Noah said, "Never look back! I implore you to prepare yourself, and you Shem, and you Japheth; you are the remnant of humankind. While this baptism of the world means death, for you it means a second birth."
Ham looked at his wife, and then over to his brothers and their wives with new eyes. It had never occurred to him before how transforming this experience would be. Ham remembered the long hard weeks of building the ark. It was so exhausting and difficult that he didn't have time to think about what it was going to be like to live in it. He too despised the wickedness of the world. To kill everyone, to purge the world of wickedness, was for Ham very satisfying revenge. Meanwhile his father was still talking.
"Our mission is to return from exile. Should our minds wander backward to the dead and dying, let it only be to remind us of God's power over us, and His judgment." Noah was silent again for a few moments to listen for what God had to say to him next. He was actually trying to grab a fleeting thought. It had something to do with judgment. 'Got it!' Noah said to himself, and then out loud, "Ham, Shem, Sham-Me, Japheth, wives, "If you have anything against any one of us here, before nightfall, discuss it or simply let it go. Forgive that person for trespassing against you. Our ark is small and there is no room for conflict."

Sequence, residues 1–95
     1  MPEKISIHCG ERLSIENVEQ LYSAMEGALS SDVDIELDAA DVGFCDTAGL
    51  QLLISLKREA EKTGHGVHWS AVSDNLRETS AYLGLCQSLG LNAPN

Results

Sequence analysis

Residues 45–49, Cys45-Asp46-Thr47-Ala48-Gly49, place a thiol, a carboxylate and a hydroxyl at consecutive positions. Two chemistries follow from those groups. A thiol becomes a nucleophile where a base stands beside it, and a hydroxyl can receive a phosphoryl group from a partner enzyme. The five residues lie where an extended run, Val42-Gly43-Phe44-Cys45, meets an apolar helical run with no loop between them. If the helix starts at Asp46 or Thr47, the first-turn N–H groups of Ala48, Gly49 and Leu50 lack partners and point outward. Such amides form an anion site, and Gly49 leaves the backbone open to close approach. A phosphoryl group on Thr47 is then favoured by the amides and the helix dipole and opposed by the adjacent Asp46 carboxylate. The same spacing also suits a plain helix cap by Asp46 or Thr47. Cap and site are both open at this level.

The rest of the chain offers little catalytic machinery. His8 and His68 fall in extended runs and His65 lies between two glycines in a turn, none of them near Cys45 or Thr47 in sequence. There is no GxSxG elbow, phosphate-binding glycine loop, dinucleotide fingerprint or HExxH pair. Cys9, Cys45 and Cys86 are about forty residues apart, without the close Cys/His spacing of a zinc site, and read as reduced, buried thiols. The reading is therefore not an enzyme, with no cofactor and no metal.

Noah sensed that his family did not understand, but continued for a little while longer anyway because he felt compelled to send this message.
"We are all subject to anger and fear, even evil, but we must resist these passions."
At this point the family started squirming. Most of them were gazing out the window at the driving rain, for indeed the speed of its descent had increased. The sky had gone from a dim flat white to having large patches of dark grey clouds.
Noah sensed that he had said enough for the first meeting. After-all they had to check on the animals. "Today" he said loud enough to be heard but less vehemently, "you witness water falling from the sky; you see our family alone among human life in this ark as safe and sound as you were in our mother's womb. As certain as my warning of rain came true, so certainly will you see us survive this catastrophe and live in a purified world.